“In the absence of T.P.P., countries have already made it clear that they will move forward in negotiating their own trade agreements that exclude the United States,” Mr. Obama’s Council of Economic Advisers wrote days before the election. The CEA wrote, “These agreements would improve market access and trading opportunities for member countries while U.S. businesses would continue to face existing trade barriers.” Is that important?

Calmes provides an excellent example of what is already happening in the absence of a TPP agreement. Currently there is a bilateral agreement between Australia and Japan, which gives Australian beef exporters, a price advantage over American producers whose exports are subject to higher Japanese tariffs; those tariffs would ultimately have been removed under the Pacific agreement.

“We are experiencing lost sales without T.P.P.” of about $400,000 a day as a result, said Kevin Kester, a California cattle rancher and vice president of the National Cattlemen’s Beef Association.

“Multiply that over several hundred more products and several dozen more free-trade relationships,” said President Obama’s trade representative Michael Froman in an interview.

The T.P.P. would have phased out some 18,000 tariffs that the other 11 countries have on imports from the United States, thus reducing their cost to foreign buyers.

For the first time in a trade agreement, state-owned businesses like those in Vietnam and Malaysia would have had to comply with commercial trade rules and labor and environmental standards. The agreement would have committed all parties to the International Labor Organization’s principles prohibiting child labor, forced labor and excessive hours, and requiring collective bargaining, a minimum wage and safe workplaces.

However, the TPP also had serious problems that would have harmed our job market. Democrats, organized labor and the Ford Motor Company were especially opposed to the trade agreement because it did not include what they considered enforceable protections against other countries’ manipulation of their currency’s value to gain price advantages for their products.

And returning full circle to the reason why so many of us marched in opposition to the WTO meetings, this proposal still allowed foreign subsidiaries to go to special trade tribunals to sue to block local, state or federal policies — environmental or consumer safety rules, on grounds that the rules conflict with corporations’ rights under the trade pact. This was without doubt the major and rightful objection from the progressive wing of the Democratic Party to the TPP.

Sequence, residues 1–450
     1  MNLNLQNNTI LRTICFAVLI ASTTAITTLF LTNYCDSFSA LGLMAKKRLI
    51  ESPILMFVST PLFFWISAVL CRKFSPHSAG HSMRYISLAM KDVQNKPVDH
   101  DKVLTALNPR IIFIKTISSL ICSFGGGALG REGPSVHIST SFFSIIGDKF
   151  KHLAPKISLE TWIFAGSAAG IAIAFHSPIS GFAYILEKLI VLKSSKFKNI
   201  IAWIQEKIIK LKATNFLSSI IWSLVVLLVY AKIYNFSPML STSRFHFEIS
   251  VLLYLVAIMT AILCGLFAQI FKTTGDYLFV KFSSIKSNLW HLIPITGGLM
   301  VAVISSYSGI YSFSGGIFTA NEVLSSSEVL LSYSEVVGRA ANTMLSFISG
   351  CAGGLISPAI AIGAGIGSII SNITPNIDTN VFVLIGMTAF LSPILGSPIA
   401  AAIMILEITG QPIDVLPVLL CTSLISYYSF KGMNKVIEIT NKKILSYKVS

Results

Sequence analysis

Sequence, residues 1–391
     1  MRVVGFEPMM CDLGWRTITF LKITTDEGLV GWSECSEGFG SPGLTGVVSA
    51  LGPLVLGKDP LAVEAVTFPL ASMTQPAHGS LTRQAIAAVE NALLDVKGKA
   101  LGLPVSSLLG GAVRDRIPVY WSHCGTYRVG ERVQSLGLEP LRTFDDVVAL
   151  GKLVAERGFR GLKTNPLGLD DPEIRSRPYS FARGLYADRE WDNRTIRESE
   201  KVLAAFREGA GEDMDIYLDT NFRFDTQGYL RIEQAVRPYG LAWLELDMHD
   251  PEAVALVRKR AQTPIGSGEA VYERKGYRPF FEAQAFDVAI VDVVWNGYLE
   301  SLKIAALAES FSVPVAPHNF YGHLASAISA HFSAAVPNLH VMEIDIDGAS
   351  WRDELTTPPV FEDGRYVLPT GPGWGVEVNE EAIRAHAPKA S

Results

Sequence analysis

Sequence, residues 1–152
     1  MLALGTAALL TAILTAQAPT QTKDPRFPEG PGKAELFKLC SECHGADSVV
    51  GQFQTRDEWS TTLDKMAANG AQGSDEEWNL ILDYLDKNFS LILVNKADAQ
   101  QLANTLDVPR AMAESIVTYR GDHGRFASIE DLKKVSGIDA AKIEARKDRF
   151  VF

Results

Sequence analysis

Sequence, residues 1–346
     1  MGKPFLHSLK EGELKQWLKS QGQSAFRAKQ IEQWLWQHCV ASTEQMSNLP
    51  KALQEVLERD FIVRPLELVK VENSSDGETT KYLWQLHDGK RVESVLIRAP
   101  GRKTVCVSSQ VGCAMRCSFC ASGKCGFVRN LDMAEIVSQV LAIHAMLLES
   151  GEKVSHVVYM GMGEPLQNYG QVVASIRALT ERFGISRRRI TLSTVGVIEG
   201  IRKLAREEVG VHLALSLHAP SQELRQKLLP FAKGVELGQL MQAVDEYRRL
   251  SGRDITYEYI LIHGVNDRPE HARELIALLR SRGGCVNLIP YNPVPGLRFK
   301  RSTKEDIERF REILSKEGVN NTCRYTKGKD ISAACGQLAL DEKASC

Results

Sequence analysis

Could that feature of TPP been fixed under Clinton? We don’t know, but she had moved significantly toward opposing the TPP on grounds that reflected Sander’s concerns, which were these features. We do know however that these are not Trump’s concerns given his strong opposition to environmental and consumer safety rules. Realistically there will not be any renegotiation. It took 7 years to negotiate this agreement, far longer than Trump’s attention span.

Who is the winner? The American workers? It’s not clear. But the opportunity to shape the future of the fastest growing trade market in the world, the Pacific Rim, is being turned over China, with the world’s second largest economy. In this new role, China will be in a position to push the US from being number one. That is not the way to “Make America First”, as Trump repeated at his rallies.

If the US starts to slip in the world trade market, you can count on Trump continuing to tweet that the Media is not telling the truth. The big difference however, is that with Trump as President of the United States he can now claim that he has the truth that cannot be shared with the public for security concerns. Be prepared to hear that as the justification for why President Trump will always be right and the Media wrong.